Hegel kept up relations with Isaak von Sinclair (1775-1815). This I think is often overlooked in English commentaries as Sinclair is not known in English language philosophical literature. However, the letters between them are interesting. Hegel reserved holidays for replying to letters and often only a sketch of his reply survives rather than the actual letter. Sinclair had written poetry and tragedy, but had recently published three volumes of philosophy under the title Truth and Certainty (1811) This gave rise to an exchange of letters. Hegel writes asking if Sinclair is still relentlessly Fichtean and what does he say about the progress to infinity. He writes to Sinclair:
"I am an educator who has to teach philosophy, and that is perhaps why it is my conviction that philosophy must be a structured edifice, as well as geometry, which can be taught as well as it." (429)
The content of philosophy is one thing, creative talent another, he continues, saying that he wishes to add to the scientific form. He recalls how from doleful Frankfurt he looked at Feldberg and Altkoenig, mountains of the Taurus range.
The work of Sinclair begins of doubt, which is a medium between certainty and ignorance. This sounds similar to ideas that Hegel had already absorbed from Sextus Empiricus. In his book, Sinclair passes in review relations to self, world and God from something of a Fichtean standpoint. Doubt again is a midpoint between life and science. Hegel writes to Sinclair:
"It is above all the new philosophers who demand a beginning that would be an absolute to which they would not straight away oppose their verbiage, an irrefutable first..." (431)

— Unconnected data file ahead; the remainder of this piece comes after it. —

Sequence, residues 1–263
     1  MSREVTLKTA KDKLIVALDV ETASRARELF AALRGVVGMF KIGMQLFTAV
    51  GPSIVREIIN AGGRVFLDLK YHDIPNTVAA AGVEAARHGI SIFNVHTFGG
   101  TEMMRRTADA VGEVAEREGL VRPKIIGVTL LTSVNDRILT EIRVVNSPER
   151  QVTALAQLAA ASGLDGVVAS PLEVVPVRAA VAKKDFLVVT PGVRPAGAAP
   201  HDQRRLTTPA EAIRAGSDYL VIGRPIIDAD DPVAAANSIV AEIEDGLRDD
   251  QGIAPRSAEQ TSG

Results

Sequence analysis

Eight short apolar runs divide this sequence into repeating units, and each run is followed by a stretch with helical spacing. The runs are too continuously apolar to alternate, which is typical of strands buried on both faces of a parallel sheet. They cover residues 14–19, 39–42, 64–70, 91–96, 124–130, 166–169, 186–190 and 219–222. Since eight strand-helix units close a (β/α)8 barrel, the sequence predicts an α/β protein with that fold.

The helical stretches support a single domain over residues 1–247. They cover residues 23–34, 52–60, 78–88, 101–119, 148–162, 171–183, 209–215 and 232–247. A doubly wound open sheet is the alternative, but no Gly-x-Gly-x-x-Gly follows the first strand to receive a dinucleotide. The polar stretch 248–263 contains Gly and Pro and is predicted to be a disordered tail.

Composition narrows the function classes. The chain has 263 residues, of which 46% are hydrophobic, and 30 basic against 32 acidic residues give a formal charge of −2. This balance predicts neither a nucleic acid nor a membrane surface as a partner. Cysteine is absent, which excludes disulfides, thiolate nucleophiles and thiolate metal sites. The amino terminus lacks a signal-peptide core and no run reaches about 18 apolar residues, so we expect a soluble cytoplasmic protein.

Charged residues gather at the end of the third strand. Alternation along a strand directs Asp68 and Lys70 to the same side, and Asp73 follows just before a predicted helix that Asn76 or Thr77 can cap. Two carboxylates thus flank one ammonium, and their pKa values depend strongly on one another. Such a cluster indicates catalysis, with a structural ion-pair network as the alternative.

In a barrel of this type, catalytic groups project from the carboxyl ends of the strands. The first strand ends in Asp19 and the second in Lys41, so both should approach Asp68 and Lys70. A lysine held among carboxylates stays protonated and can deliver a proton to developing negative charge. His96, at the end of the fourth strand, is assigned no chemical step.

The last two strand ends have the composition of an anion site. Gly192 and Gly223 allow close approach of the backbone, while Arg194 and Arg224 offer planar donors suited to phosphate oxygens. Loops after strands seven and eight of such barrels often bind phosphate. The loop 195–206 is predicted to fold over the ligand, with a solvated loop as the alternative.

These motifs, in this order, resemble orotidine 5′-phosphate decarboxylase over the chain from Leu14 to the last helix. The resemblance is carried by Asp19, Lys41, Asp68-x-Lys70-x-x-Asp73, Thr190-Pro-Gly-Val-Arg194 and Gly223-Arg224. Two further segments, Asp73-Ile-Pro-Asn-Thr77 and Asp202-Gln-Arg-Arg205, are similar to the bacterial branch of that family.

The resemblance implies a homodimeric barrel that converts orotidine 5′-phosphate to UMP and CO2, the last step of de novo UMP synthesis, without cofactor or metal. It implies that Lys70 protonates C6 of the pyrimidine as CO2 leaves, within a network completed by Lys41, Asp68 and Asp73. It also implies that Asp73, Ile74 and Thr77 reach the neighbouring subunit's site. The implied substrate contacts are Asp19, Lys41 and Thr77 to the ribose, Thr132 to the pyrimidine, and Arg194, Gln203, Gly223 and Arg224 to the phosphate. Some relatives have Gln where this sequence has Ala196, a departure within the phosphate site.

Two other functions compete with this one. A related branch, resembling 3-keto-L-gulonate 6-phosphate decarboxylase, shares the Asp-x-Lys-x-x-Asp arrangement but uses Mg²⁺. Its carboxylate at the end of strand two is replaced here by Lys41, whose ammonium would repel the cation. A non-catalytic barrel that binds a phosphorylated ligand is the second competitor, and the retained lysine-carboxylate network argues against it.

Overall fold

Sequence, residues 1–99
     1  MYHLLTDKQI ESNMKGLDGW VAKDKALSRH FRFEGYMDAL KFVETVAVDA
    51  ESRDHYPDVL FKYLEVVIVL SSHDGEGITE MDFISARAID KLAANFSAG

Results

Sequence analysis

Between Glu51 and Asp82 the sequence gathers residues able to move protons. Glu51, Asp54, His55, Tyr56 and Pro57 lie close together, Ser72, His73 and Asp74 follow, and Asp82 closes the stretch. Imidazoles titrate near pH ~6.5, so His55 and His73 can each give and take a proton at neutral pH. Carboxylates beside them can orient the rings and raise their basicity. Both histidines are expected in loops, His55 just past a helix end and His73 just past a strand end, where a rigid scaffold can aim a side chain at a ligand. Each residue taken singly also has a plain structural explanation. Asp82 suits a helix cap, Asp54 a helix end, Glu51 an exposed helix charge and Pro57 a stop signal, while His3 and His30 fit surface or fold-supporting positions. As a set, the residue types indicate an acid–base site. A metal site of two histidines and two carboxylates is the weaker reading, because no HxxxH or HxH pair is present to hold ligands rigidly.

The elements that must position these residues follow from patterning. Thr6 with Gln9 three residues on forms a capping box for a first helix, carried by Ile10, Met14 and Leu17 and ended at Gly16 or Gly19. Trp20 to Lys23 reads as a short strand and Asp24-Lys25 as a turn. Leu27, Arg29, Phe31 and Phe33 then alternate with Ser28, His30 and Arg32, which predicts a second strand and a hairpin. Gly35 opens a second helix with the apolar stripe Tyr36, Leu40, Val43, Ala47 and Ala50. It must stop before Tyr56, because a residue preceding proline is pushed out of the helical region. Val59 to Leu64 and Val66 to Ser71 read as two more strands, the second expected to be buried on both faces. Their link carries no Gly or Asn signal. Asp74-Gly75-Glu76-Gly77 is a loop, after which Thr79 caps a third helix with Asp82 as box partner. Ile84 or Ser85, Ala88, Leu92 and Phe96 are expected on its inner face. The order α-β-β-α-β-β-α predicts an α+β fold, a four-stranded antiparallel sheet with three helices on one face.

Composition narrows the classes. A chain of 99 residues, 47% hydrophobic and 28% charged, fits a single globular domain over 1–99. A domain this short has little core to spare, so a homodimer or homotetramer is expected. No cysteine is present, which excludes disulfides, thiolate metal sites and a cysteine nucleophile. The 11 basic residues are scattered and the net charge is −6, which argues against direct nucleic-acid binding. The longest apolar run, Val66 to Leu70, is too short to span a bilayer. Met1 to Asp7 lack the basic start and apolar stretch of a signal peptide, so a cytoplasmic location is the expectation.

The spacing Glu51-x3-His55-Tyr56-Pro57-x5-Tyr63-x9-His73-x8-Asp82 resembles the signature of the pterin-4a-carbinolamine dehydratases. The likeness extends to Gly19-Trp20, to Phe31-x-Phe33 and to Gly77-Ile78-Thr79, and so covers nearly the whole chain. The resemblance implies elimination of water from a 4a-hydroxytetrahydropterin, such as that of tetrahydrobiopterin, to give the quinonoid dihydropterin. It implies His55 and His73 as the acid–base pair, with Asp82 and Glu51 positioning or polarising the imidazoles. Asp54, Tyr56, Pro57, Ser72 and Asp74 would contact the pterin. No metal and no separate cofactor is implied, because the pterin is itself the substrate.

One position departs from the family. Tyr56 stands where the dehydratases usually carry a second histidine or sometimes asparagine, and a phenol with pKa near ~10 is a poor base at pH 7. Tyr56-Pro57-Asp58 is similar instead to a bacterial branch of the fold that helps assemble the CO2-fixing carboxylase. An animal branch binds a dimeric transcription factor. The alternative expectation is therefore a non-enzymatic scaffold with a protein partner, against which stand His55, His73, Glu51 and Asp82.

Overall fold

The non-philosopher wants to bring in his own understanding, full of common sense. There is a note of irritation here, I think. He and Sinclair had been sufficiently methodical in starting out, he thinks, in their different ways. A beginning is bound to be imperfect, just because it is a beginning. Yet, he continues, it must be a beginning of philosophy, and therefore already philosophy itself. Sinclair on the other hand starts with a need for philosophy and Hegel disagrees with this. Hegel writes:
"I assuredly agree with you that one cannot start blindly. The point is that the beginning be essentially a beginning of philosophy. In consequence, I require for the beginning still more than you do, that it already itself be, in fact and in substance, philosophy and avow itself as such, that it thus be more than the need alone of philosophy, but also not more than it can be as a beginning of philosophy." (432)